Researchers cite four ways to include long-term care more effectively in healthcare reform efforts

Share this article:

A new report released Thursday by Georgetown University researchers, in association with The SCAN Foundation, presents four possible options for including long-term care services and supports in reform legislation.

In the report, authors argue that the cost-effectiveness of health and long-term care services can be improved through increased home- and community-based care services and better coordination of healthcare delivery in facilities. Their specific suggestions include expanding Medicaid HCBS programs; improving care coordination for dual-eligibles-seniors who qualify for both Medicare and Medicaid; improving care coordination for seniors with chronic conditions; and establishing a public long-term care insurance program.

Although the current version of the Senate Health, Education, Labor and Pensions Committee reform bill contains a program that would establish a national disability insurance benefit to help pay for long-term care in the event of a disability, long-term care services and supports have largely been overlooked in the healthcare debate. (McKnight's, 6/5) To view the SCAN report, "Long-Term Care in Health Care Reform: Policy Options to Improve Both," visit www.thescanfoundation.org.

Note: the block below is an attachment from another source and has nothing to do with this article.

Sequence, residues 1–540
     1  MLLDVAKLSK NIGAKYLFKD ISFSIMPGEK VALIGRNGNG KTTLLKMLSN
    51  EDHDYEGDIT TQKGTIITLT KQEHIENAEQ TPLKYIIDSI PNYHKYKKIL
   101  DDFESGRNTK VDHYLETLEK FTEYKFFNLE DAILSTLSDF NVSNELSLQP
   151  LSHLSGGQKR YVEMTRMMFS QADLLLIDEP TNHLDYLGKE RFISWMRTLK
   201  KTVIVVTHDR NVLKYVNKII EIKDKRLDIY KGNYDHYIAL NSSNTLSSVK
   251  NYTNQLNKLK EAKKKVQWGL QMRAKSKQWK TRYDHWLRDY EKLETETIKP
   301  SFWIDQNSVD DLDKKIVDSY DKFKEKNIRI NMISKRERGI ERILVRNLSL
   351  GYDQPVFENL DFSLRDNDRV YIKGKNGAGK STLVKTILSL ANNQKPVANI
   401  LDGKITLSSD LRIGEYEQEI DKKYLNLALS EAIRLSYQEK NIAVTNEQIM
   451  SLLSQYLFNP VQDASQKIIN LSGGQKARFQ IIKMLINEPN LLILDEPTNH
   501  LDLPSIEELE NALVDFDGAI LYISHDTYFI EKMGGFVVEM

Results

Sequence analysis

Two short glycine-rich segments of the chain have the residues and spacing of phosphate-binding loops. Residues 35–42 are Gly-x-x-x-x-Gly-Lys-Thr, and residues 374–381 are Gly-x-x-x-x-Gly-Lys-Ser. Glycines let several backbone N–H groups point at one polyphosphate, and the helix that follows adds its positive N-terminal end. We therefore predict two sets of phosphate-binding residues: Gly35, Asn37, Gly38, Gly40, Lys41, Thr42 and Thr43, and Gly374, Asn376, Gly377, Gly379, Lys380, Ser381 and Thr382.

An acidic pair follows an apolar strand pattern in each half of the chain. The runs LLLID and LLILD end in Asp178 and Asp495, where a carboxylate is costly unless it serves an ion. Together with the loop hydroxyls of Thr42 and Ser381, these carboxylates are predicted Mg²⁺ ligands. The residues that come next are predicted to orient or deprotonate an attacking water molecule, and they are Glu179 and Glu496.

Share this article:

More in News

MedPAC discusses limiting patients' post-acute options

MedPAC discusses limiting patients' post-acute options

Medicare rules might have to be relaxed to give hospitals more say in where patients go for post-acute care, members of the Medicare Payment Advisory Commission proposed at a recent ...

Nursing home workers told not to touch residents due to Ebola concerns

U.S. nursing home workers who hail from West Africa are being stigmatized as potential Ebola carriers and forbidden from touching residents, according to IRIN, an independent news service launched by the United Nations Office for the Coordination of Humanitarian Affairs.

Former office manager charged with embezzling half a million dollars from residents

The former business office manager of a Michigan nursing home has been charged with embezzling more than $460,000 from the resident trust fund, the state's attorney general announced last Thursday.